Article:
Posted on December 8, 2009 by spikexan
Available at RPGNow.com
Published by StoryWeaver
Written by Joshua Edwards and Joseph Sweeney
Say what you will about the Savage Worlds setting, but I find it possesses one of the more engaging mass combat systems. I’ve been guilty of not using it to its highest potential in some of my campaigns; however, that’s another story altogether. Blood of the Innocent links directly to the Tour of Darkness (‘Nam setting) for Savage Worlds (though only the core book is required to play this adventure).
This deadly little jungle romp comes in two flavors, which are “War is Hell” and “Life is Good.”
According to the authors, this adventure was created for 2007 gaming convention. I like games that come from one table to another rather than untested scripts. The authors also say that it is a vicious little adventure that will test its players. From what I know of the system and this adventure, I’d say it is a violent little bugger. Somehow supernatural horror set during the Vietnam War would be cheapened if it wasn’t.
The game’s layout is a clean two-columned format surrounded by bullets and blood borders. Memos, maps, and photos are placed wonderfully throughout the adventure (more on the maps later). There aren’t many sidebars within the text, but the need never truly demands them. It’s a very linear plot that doesn’t permit many deviations.
The map artwork is a huge win for this adventure, although to fully appreciate it one has to pick up the special token packet as well. If you get the adventure, you will want it though. Each map in the game is recast to perfect use in the Savage Worlds setting. No need to break out the erasable map on this. Print and laminate these maps for a quick gaming fix. Try to beat it through both of its skill level options. Try it with different groups. The interior artwork (soldiers and such) left less of an impression on me. I liked the sketched artwork found on pages 17 and 43. It’s the computer generated “photos” of the troops found throughout the book and on each character sheet that leaves me cold. I’ve yet to see this art style depict anything remotely human.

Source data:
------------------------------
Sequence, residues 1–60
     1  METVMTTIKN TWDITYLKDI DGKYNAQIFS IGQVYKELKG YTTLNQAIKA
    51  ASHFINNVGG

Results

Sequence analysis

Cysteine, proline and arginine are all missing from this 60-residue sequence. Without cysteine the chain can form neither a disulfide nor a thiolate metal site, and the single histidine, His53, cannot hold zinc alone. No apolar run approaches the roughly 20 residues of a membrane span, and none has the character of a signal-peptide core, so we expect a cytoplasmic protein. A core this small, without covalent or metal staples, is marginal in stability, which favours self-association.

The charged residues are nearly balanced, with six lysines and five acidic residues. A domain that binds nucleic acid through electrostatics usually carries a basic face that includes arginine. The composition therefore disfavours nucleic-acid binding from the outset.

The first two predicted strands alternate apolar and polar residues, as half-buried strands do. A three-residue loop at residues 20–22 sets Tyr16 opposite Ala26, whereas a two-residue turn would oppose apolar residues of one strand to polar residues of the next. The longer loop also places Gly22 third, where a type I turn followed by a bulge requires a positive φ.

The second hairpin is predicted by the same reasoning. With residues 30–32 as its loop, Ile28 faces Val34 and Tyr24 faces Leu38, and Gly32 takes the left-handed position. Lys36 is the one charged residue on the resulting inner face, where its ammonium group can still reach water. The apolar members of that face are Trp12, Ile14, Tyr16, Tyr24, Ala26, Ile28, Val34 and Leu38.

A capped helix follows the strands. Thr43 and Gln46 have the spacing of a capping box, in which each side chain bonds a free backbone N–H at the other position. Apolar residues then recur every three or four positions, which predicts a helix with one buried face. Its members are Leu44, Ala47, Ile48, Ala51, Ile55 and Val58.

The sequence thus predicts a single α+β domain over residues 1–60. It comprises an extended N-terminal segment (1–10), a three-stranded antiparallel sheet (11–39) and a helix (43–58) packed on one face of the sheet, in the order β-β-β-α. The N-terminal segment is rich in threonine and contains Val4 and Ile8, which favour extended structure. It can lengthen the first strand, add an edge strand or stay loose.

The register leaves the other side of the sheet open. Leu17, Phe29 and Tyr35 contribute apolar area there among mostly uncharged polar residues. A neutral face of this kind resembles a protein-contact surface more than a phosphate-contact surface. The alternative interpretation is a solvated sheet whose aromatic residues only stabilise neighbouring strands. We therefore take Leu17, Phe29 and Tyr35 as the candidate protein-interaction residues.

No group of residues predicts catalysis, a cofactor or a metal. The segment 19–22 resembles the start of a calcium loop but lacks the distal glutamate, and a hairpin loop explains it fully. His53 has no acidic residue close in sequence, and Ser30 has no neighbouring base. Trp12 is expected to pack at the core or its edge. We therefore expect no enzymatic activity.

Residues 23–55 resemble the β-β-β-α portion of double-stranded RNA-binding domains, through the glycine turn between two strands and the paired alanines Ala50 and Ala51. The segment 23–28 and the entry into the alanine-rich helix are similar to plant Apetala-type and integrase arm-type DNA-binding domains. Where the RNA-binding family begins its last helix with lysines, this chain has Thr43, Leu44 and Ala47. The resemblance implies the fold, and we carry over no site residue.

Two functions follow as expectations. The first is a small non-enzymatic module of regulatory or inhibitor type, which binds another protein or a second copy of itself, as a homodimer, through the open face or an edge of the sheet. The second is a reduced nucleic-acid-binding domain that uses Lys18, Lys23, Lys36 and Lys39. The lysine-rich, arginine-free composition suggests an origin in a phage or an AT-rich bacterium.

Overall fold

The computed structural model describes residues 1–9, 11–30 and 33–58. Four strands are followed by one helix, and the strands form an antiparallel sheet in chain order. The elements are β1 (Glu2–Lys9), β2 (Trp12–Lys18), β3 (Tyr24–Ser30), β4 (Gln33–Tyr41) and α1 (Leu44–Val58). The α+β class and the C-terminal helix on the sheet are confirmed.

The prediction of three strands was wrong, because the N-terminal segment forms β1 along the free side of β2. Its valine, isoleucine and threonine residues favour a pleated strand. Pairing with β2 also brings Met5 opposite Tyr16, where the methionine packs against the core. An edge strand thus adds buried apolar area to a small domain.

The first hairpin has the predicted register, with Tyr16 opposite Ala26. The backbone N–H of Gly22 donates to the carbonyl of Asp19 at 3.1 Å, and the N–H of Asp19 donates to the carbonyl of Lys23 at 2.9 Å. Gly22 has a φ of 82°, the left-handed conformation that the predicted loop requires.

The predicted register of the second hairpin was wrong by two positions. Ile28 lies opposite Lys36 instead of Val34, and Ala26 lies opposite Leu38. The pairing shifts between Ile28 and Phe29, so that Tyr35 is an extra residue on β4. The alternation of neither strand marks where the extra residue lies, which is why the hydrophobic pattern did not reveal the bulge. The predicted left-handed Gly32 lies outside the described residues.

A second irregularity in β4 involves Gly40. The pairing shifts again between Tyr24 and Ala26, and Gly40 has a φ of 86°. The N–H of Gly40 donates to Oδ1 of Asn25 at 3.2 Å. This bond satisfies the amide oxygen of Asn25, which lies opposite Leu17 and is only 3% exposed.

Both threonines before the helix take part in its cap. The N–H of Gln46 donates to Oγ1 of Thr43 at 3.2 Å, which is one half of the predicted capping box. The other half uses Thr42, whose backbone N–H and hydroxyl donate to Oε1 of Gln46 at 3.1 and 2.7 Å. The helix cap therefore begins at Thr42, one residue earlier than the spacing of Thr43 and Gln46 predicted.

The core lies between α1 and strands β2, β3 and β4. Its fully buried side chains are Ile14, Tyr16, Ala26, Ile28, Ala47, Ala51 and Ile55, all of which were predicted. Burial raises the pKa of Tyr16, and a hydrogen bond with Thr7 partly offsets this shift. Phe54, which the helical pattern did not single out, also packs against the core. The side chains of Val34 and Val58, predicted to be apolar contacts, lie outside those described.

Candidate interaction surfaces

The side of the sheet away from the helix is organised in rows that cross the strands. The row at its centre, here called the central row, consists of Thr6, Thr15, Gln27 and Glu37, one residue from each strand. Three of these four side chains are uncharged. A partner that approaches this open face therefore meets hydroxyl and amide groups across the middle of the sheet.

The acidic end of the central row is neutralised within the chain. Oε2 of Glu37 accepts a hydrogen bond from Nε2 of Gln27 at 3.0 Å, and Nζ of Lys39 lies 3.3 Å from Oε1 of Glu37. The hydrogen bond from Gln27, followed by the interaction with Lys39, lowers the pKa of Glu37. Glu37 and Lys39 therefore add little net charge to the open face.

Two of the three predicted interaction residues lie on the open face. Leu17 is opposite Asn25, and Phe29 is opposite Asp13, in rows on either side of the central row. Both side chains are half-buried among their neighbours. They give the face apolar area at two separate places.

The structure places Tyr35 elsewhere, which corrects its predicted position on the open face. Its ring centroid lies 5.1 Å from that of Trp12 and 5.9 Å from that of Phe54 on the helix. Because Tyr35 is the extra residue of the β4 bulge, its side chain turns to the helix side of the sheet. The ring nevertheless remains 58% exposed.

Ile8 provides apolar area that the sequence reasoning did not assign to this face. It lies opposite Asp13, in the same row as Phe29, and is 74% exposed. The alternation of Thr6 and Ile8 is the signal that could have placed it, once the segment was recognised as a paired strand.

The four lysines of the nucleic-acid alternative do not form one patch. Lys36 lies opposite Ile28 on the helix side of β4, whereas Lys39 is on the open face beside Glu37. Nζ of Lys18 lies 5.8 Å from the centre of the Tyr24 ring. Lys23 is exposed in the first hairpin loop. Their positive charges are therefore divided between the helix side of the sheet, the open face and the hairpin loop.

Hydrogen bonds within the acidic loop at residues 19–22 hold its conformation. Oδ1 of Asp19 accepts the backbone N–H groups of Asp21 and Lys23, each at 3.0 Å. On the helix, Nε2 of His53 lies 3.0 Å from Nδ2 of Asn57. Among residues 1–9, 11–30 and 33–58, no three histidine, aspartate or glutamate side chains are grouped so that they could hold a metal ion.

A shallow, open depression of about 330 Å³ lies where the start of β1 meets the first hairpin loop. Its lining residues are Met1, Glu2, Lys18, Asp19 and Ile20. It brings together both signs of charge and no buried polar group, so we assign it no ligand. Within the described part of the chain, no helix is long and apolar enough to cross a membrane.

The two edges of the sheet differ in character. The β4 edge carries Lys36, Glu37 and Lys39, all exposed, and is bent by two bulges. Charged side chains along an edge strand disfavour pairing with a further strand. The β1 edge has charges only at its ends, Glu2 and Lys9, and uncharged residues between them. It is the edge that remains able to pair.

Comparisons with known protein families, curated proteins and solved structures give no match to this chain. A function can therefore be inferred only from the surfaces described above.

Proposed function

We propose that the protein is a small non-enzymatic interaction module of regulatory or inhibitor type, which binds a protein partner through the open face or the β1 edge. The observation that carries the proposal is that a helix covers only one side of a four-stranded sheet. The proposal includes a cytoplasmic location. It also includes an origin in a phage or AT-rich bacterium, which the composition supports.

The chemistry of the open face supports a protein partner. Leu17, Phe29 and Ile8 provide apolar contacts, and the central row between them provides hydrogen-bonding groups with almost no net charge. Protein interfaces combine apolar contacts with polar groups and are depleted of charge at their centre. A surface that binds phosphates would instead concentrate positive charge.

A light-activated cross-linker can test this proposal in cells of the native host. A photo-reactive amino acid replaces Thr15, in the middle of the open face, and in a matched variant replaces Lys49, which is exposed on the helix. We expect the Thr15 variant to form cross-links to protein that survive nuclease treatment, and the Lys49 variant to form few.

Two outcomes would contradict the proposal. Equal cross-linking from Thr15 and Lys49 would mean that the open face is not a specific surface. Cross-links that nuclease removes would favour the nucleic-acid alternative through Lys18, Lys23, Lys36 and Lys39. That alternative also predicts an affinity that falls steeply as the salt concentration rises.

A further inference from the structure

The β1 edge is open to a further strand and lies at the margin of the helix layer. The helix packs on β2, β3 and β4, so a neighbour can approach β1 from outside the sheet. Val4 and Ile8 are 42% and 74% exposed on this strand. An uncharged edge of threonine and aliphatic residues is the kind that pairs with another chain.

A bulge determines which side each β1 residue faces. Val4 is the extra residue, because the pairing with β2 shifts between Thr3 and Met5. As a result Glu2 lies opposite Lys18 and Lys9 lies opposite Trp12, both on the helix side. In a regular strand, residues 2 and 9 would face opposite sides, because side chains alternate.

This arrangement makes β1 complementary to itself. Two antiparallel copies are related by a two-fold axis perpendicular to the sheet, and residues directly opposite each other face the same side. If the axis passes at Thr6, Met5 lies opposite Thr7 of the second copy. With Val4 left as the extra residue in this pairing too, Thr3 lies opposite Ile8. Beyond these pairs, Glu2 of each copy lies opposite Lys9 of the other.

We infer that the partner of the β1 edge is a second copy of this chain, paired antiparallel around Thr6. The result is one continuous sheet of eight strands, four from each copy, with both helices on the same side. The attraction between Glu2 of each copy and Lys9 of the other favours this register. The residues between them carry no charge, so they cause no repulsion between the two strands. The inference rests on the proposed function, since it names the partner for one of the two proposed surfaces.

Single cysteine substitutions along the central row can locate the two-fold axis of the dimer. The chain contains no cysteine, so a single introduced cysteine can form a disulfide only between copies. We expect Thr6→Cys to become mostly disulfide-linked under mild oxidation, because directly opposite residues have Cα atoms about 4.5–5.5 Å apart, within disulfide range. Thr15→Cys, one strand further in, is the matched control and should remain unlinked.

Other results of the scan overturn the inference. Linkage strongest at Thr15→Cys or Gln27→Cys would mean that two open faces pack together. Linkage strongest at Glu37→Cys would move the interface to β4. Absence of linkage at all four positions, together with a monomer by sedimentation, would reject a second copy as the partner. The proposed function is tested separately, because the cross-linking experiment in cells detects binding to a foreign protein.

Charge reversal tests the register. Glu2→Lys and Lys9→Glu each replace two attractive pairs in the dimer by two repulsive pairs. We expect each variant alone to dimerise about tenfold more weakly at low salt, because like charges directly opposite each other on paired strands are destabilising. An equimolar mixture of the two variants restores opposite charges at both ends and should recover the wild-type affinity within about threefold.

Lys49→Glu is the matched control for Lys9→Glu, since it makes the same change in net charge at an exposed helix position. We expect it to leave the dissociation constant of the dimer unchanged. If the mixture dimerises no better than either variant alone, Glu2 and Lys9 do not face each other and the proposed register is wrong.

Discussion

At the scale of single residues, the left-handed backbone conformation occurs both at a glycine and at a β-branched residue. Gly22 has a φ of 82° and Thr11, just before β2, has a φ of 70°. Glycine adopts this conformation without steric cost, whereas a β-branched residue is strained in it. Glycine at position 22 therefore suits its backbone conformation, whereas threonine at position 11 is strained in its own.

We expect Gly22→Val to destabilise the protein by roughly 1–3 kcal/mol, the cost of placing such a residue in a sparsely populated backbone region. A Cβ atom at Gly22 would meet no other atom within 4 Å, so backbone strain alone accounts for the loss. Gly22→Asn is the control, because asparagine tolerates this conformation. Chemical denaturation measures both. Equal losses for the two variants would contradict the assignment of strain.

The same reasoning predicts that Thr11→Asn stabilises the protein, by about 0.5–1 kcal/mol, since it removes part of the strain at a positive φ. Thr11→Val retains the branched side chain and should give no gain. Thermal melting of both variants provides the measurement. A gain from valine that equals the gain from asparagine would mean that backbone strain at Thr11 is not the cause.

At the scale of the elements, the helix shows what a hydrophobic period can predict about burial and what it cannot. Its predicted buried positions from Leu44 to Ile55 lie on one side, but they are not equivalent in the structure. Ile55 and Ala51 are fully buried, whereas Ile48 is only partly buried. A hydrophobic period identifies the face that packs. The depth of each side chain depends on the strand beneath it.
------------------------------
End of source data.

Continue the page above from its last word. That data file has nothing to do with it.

I’m sure it works great for CSI groups needing to place a suspect though. I must say thought that the character sheets bordering choices for the wounds is excellent.
The writing in this adventure proves direct and demented. In other words, this little game will just as easily take out the soldier’s spirits as well as their bodies. It’s this sanity risk that could make this adventure demand the Tour of Darkness rules; however, I’m confident most groups could wing it. The problem is this: the character sheets don’t have a place for sanity points even though there are places in the adventure that talks about losing sanity points. It’s enough to drive you mad.
The storyline shows a determination to detail that I like in my games (even if some isn’t used in the actual game). A better written adventure leaves less to chance, especially when it’s been tried out with various gaming groups. One assumes this is the version of the story with a few loopholes weeded out of it.
The story line itself feels like a Cthulhu adventure with cultists and A Thing Better Left Buried. There are other obstacles in the way, such as a group capable of fighting said cultists. The problem with these would-be allies is that their means isn’t very . . . attractive. The book does detour for groups willing to make certain sacrifices in order to overcome the enemy; however, it maintains that fighting fire with fire isn’t always the best way to go.
All in all, this is strictly an adventure. You won’t find new Edges or Hindrances in this.
You will find new (or is that ew) creatures to throw at players. What you get is a fifty page adventure that will throw you into the Vietnam jungle hard enough for you to check for mosquitos. My scores for Blood of the Innocent are:
Layout: Five out of Five Dice (I’m including the maps with layout)
Artwork: Three out of Five Dice (CGI so weighs down a book set in a period before CGI. You wouldn’t use CGI for a fantasy setting would you?)
Writing: Four out of Five Dice (Some snags, but I’m keen to see what these folks bring out next)
Overall: Four out of Five Dice (What’s Next?)
Thanks to Storyweaver games for a free review copy of their products
Review by Todd Cash